Guides, Sex (Toy) Ed

The Electric Lust Quick Guide to Lube

It should be easy to buy a high-quality lube because it’s such a basic need. But, of course, nothing is that simple. Picking the right lube will help you avoid irritation, infection, and sex toy material compatibility problems.

Types of Lube

Water-Based Lube

Water-based lube is the most common and most versatile type of lube. Good quality water-based lube is compatible with every kind sex toy. You can buy thick gel formulations or thin and runny liquids depending on your preference.

Also included in this category are “stimulating” lubes and clitoral gels. They contain peppermint and/or menthol. Peppermint and menthol work by gently irritating the area. Many people find this sensation to be a pleasant tingle or a minty-cool feeling but some may find that it stings or burns. These botanicals are also potential allergens/ sensitizers.

Most flavored lubes are water-based as well. Choose a flavored lube that features a short ingredient list and is sweetened with artificial sweeteners rather than sugar or its by-products that can feed bacteria.

Silicone Lube

Silicone lubricant is waterproof and has an oil-like slippery feel. It’s safe for vaginal use but particularly useful for anal play because it doesn’t evaporate readily.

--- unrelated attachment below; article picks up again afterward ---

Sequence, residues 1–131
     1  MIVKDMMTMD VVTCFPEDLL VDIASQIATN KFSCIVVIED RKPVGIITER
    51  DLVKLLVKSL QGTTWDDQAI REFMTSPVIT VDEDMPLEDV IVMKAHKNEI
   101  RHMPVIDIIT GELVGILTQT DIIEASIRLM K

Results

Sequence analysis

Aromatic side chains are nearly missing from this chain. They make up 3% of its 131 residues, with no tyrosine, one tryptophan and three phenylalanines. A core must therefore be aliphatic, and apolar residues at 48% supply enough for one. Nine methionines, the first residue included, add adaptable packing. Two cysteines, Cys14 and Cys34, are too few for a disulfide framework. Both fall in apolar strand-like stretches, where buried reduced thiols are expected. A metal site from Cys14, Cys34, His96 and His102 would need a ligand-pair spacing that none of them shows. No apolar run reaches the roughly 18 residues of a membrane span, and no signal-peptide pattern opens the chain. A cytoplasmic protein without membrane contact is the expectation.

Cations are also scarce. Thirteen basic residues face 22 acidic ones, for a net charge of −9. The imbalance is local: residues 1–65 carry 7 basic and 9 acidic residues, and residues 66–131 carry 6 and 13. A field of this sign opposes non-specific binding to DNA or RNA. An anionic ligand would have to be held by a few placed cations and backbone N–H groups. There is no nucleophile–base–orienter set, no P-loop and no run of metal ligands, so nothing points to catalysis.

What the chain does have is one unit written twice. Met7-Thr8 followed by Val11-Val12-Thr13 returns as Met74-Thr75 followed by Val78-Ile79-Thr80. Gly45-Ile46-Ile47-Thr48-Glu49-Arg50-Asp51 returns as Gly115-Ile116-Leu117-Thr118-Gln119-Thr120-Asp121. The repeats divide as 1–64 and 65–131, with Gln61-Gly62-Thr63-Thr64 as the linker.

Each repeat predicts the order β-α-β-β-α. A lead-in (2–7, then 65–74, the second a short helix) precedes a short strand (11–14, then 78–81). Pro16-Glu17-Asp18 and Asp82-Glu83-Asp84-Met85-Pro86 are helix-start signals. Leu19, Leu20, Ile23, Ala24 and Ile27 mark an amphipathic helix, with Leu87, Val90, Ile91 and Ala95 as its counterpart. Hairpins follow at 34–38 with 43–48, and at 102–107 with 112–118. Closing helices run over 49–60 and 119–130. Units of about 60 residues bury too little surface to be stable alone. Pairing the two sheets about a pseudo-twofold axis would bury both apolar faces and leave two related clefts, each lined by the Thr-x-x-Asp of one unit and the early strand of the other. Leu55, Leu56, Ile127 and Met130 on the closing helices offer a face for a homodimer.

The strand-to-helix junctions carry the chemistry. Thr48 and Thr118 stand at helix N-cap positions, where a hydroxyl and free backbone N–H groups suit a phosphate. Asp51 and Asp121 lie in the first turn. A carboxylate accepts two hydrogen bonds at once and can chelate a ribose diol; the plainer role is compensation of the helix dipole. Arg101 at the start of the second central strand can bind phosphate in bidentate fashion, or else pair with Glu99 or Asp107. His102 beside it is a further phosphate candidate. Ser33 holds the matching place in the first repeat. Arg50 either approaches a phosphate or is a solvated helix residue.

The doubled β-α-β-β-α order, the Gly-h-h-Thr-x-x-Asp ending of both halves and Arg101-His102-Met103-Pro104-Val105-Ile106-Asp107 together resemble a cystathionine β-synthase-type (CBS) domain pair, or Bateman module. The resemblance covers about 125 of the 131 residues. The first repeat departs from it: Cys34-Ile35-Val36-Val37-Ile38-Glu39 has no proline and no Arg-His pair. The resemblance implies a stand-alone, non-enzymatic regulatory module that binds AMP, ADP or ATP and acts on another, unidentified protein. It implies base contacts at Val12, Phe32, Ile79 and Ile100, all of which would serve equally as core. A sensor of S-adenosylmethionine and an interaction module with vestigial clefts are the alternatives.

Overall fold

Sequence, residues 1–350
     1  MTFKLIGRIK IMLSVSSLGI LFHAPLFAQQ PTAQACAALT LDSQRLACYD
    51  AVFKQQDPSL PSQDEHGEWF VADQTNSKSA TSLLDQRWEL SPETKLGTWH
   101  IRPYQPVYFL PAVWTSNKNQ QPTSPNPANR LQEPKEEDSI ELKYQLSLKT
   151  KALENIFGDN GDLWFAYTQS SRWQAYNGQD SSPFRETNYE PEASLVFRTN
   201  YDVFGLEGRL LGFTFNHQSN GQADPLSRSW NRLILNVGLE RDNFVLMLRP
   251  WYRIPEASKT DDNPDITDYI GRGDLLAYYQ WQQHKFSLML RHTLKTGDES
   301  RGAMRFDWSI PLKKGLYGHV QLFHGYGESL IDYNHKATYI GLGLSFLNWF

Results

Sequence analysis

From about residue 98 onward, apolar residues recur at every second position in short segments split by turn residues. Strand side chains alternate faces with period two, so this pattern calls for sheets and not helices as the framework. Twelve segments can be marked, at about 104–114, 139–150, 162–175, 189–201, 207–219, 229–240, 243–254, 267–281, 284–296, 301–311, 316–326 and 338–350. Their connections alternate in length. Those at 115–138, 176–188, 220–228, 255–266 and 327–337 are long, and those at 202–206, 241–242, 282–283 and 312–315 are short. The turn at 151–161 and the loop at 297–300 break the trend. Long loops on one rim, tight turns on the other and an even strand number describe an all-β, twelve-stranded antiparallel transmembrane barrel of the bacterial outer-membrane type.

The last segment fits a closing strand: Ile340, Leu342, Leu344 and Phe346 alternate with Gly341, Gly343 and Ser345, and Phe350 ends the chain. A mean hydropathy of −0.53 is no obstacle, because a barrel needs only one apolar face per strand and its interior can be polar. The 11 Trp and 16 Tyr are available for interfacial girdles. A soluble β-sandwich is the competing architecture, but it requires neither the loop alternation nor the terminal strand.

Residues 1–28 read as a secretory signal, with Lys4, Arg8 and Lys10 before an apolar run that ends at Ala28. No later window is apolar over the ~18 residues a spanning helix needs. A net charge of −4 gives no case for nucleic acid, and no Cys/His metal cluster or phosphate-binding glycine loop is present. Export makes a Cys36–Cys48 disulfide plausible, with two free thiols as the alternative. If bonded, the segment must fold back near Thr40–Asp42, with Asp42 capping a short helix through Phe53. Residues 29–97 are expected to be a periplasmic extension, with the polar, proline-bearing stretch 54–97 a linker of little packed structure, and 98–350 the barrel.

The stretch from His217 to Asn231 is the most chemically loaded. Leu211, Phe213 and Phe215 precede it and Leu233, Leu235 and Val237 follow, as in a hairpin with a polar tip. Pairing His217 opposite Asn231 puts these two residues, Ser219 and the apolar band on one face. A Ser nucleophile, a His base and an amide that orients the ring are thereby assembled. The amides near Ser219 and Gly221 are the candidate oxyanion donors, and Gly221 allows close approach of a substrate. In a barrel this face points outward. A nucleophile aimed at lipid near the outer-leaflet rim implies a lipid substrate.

Hybrid Lube

Hybrid lube is a water-based lube with a small amount of silicone added to make it creamy and long-lasting. It’s my favorite kind of lube and I use it almost daily.

Oil-Based Lube

As a rule, avoid oil-based lube for vaginal use. It can throw off the vaginal flora balance, as bacteria consume the oil as a food source. Well-formulated plant oil lubes are safe for anal use.

Some people have good luck with pure extra virgin coconut oil for vaginal use, though.

How to Tell If a Lube is Any Good


Vaginal pH can vary depending on the person and their cycle. Average vaginal pH is quite acidic at about pH 4. Anal pH is higher at about pH 6. Choose a lube that is close to the pH of the body part with which you want to use it to avoid painful irritation. A good lube should list its pH on the bottle or prominently on a company’s website. If a company won’t tell you the pH of their lube, don’t buy it.

Remember that pH is the measure of acidity and alkalinity of water-based solutions. Therefore, it’s impossible for pure silicone or oil lubes to have a pH. If you slept during chem class and need a refresher (me, too!), you can learn more about pH here.

Common Ingredients to Avoid